Teochew steamed sea bass

My latest post and recipe for Borough Market features Teochew steamed sea bass. By a strange stroke of luck, Chinese New Year begins tomorrow. Maybe you could add this to your banquet?

I’ve no first hand experience of cooking this cuisine, so I hope that my research has resulted in an authentically flavoured dish. It certainly tasted good to me. You can read more on the dish and a few other fishy things on the Borough site. In the meantime, some brief thoughts on the balance of Teochew cuisine and on steaming whole fish:

  • I was surprised at A Wong to find tomatoes in one of the dishes – not an ingredient I associate with Chinese food. In fact, Wikipedia tells me that China produce 1/4 of the world’s tomatoes …
  • There are many recipes out there for Teochew steamed fish. Few are exactly the same as each other, but the key elements appear to be: tomatoes; preserved mustard cabbage; salted plums; dried shitake mushrooms; light soy sauce. Shaoxing / Shaohsing rice wine and fish sauce appeared in many recipes too – so I included them. The intended effect is a blend of sweet, sour and umami.
  • The most ‘authentic’ looking recipes used pomfret or gurnard. I fancied sea bass. Sea bream would be good too. If you use a different fish (or different sized fish) to me, you’ll need to change the cooking time. Probably reduce it.
  • To cook this in a traditional way, you should steam the fish above a boiling wok. I haven’t got a wok with a steaming stand, let alone one big enough to house a 800g sea bass. Using a roasting tray with a touch of just boiled stock and some tightly fitting foil has the same effect.
  • I’m now slightly in love with preserved mustard cabbage. A bit sour, a bit hot, a bit vegetal.
  • I’ll cook this again and again – it turned out very nicely.

Teochew steamed sea bass

Serves 2 comfortably. Will stretch to 4 (or more) alongside a few side dishes (*cough*).

  • 800g sea bass
  • 250g cherry tomatoes
  • 20g fresh ginger, cut into thin strands
  • ½ white onion, finely sliced
  • 90g preserved mustard cabbage (kiam chye), sliced into 2-3mm strips
  • 3 salted plums sliced finely
  • 3 dried shitake / Chinese mushrooms
  • Pinch bonito flakes (optional)
  • 300g (ml) water
  • 1tbsp light soy
  • 1tsp shaoxing wine vinegar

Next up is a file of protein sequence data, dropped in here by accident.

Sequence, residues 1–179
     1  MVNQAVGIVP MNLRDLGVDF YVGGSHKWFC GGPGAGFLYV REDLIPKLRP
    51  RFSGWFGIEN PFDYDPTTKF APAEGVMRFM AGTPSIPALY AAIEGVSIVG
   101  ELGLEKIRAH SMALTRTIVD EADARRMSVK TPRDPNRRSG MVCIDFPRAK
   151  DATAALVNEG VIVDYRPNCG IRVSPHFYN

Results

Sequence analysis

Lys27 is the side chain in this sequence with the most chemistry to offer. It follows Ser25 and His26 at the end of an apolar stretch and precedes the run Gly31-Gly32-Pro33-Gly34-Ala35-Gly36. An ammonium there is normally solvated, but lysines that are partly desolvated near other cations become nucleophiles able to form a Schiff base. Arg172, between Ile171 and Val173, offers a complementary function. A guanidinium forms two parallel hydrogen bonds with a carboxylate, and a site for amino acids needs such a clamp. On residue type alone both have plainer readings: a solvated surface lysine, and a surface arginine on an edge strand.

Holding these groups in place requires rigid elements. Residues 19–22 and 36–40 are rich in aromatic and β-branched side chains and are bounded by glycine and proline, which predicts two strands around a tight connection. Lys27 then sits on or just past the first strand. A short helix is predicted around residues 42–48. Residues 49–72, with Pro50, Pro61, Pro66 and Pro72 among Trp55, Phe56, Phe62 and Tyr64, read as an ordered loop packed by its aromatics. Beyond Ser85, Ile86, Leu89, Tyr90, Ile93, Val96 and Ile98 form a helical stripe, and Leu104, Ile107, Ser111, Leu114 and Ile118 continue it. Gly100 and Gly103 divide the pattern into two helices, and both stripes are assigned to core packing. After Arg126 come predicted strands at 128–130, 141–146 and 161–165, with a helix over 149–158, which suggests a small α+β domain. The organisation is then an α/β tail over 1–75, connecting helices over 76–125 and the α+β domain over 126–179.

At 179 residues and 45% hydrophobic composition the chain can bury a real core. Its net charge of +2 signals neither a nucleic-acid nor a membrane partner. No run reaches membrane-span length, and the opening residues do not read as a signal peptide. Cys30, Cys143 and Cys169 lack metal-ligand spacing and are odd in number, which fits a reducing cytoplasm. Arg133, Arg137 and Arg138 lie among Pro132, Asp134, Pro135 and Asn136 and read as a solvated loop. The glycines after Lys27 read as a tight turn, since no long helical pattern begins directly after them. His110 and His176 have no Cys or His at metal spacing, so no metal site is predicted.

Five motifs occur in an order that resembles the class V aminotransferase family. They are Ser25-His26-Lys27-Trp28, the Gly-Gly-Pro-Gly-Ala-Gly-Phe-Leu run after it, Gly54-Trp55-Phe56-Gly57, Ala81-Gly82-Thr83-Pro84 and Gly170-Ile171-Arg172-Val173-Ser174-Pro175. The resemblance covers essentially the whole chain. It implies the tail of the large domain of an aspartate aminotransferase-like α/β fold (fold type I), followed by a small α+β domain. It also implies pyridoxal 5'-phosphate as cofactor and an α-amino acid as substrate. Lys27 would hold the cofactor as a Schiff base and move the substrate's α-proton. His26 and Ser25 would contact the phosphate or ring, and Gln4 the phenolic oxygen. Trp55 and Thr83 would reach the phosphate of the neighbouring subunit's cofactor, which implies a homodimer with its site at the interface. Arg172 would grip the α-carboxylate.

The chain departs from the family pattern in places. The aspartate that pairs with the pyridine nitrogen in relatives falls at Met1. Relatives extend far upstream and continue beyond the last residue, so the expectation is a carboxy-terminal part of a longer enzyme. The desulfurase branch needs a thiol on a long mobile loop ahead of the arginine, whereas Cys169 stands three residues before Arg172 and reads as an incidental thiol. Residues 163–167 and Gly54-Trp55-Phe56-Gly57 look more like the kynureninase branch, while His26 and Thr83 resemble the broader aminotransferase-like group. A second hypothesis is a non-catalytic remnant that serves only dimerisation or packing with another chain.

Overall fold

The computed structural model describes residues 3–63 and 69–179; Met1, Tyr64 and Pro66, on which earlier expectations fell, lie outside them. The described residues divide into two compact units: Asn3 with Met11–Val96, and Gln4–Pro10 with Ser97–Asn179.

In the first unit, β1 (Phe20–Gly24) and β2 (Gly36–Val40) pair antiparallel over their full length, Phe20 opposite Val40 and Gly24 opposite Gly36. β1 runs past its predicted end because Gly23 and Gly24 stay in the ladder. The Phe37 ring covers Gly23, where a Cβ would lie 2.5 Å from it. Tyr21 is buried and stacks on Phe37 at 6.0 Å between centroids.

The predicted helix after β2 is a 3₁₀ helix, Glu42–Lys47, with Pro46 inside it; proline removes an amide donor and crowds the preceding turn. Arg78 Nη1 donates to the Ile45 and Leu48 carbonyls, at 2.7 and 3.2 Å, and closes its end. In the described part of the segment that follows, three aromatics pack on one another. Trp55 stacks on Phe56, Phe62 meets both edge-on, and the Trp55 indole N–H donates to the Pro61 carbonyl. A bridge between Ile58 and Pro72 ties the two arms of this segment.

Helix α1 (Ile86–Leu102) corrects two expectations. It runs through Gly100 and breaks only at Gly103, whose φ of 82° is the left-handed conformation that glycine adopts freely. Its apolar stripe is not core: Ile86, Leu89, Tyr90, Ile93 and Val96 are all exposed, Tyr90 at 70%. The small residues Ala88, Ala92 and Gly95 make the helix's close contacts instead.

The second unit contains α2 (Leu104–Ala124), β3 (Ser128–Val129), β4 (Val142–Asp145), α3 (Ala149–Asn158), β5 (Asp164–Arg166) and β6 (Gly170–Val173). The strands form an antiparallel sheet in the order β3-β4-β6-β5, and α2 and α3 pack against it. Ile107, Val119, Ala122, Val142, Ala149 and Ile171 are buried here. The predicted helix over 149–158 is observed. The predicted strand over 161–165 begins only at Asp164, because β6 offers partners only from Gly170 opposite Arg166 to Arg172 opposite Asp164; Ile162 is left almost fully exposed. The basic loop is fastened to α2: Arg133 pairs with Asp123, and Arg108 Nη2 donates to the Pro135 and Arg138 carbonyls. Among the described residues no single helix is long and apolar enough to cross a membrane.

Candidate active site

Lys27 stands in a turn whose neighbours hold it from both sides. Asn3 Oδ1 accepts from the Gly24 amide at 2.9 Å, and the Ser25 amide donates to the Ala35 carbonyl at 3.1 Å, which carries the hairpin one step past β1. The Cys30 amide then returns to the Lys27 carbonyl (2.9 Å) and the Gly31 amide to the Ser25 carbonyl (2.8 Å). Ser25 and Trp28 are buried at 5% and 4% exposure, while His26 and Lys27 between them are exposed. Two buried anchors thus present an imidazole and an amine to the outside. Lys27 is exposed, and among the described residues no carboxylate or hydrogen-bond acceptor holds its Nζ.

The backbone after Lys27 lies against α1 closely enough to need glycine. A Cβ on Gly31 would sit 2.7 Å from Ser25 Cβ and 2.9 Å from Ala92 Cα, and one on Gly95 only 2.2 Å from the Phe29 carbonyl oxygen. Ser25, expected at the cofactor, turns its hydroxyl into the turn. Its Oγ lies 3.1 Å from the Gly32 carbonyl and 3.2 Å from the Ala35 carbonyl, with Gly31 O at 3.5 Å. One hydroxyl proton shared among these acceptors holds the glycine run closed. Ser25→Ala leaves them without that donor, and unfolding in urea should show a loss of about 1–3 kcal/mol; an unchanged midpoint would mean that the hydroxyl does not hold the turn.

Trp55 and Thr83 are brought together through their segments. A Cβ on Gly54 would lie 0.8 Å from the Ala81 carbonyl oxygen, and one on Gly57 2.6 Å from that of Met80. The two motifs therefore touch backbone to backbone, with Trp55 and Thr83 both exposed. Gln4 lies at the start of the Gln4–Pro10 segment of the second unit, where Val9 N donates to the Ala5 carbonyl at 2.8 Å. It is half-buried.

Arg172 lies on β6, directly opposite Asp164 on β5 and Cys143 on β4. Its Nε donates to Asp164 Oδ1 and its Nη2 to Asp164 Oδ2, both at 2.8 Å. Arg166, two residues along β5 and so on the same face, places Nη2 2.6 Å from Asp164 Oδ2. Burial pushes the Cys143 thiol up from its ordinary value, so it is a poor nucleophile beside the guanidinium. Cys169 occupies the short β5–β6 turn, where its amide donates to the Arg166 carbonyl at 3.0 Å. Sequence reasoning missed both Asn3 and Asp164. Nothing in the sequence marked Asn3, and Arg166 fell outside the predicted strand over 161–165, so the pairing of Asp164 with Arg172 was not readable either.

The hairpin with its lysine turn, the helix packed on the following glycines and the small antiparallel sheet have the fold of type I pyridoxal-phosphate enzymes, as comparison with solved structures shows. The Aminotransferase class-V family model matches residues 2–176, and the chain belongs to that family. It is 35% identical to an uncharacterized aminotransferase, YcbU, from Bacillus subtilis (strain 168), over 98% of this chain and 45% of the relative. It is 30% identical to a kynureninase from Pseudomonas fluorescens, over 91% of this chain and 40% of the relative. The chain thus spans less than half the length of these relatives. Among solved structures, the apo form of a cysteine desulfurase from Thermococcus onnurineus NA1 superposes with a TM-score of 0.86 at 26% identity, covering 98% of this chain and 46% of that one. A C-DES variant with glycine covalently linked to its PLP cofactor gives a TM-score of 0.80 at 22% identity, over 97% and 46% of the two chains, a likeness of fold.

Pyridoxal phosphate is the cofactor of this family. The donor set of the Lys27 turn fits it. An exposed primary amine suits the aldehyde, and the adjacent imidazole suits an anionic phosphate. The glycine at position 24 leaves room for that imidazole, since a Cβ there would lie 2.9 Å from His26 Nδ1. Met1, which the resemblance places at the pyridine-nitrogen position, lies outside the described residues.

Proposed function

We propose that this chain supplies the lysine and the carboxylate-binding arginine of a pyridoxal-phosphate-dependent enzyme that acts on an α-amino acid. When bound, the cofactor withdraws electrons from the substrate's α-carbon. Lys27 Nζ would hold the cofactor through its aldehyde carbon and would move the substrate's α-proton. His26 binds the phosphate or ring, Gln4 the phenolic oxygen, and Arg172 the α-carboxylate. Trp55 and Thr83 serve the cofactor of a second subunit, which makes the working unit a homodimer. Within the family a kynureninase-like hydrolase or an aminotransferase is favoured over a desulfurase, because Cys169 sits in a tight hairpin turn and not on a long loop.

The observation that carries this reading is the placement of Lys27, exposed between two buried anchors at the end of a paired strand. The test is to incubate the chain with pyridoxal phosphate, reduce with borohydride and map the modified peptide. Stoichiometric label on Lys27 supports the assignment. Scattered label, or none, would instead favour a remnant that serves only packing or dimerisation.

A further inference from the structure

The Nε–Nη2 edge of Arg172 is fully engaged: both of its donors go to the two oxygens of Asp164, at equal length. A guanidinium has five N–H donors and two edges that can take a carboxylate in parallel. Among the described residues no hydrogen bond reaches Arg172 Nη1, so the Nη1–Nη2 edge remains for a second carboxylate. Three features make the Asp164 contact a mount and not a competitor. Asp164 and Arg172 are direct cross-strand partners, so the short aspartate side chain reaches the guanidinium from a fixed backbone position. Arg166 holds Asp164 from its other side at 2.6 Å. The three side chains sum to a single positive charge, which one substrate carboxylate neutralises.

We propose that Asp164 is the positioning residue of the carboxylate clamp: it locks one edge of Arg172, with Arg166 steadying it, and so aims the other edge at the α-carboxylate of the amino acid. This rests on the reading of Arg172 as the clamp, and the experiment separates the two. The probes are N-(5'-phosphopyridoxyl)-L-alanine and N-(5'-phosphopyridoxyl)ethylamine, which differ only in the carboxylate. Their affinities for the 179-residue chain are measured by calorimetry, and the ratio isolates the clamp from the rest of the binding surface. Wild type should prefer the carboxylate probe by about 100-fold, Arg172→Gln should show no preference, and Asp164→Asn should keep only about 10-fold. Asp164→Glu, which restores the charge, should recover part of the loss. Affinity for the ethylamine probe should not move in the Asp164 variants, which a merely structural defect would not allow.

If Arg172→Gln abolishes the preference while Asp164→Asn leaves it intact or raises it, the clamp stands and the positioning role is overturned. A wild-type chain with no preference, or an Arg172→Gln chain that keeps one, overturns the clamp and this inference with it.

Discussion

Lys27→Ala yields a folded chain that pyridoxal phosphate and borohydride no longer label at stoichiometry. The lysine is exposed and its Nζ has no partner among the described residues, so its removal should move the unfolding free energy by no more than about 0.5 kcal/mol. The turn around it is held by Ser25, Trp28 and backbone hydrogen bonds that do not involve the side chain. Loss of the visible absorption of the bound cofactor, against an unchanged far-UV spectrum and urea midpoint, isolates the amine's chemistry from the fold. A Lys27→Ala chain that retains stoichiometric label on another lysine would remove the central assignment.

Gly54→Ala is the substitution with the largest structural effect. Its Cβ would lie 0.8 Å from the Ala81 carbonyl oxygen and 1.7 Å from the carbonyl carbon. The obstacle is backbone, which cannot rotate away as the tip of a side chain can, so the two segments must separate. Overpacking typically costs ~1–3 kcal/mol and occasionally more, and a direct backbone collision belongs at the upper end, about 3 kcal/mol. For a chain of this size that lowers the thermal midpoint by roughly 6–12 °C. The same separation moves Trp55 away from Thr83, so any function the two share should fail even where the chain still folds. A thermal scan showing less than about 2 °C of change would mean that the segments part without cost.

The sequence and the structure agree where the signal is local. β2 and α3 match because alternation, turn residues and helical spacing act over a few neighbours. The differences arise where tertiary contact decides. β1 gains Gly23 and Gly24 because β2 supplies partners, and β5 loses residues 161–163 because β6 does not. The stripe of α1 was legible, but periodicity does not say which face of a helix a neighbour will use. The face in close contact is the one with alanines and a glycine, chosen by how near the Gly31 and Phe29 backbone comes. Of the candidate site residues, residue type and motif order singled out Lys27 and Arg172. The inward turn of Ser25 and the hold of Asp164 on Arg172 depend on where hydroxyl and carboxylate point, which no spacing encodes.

• 1tsp fish sauce 
  • 1 Spring onion, slice finely on a diagonal
  • 1 red birds eye chilli,
  • Just a few chopped coriander leaves
  • 3 tbsp vegetable oil
  • 2 clove garlic, sliced

Pre-heat your oven to 180C.

Ensure the fishmonger scales and guts your fish for you. Score 3 or 4 lines across the skin on either side.

Rehydrate the shitake / Chinese mushrooms with 300ml of boiling water. Add a pinch of bonito flakes, if you have them, and allow to stand for 15 minutes. Remove the mushrooms and slice into c.3mm strips. Don’t discard the stock.

Put the cherry tomatoes in a small roasting tin that’s a snug fit for your sea bass. Stuff the belly of the fish with 1/3rd of the ginger, 1/3rd of the onion and 1/3rd of the salted plums. Scatter the rest of the vegetables (including the preserved cabbage) over the tomatoes and sit the fish on top of this colourful base.

Put the mushroom stock in a small saucepan, add the soy sauce, the wine vinegar and fish sauce (if you have them). Bring to the boil, then pour this stock into the roasting tray. Cover tightly with foil – ensuring no steam will escape. Cook for 25 minutes. Remove from the oven and take the foil off (to prevent it cooking further).

You could serve this from the roasting tray, or on a platter if you have one – carefully lift the fish onto the platter and arrange the vegetables around it, pouring much of the remaining stock over it.

To garnish, heat the vegetable oil and throw the garlic in for 45 seconds. Pour this over the fish, then the scatter spring onions, chilli and garlic on top.

Eat with plain rice and Chinese greens or seasonal purple sprouting (soy, garlic and ginger work just as well with the English brassicas as they do with pak choi and co.).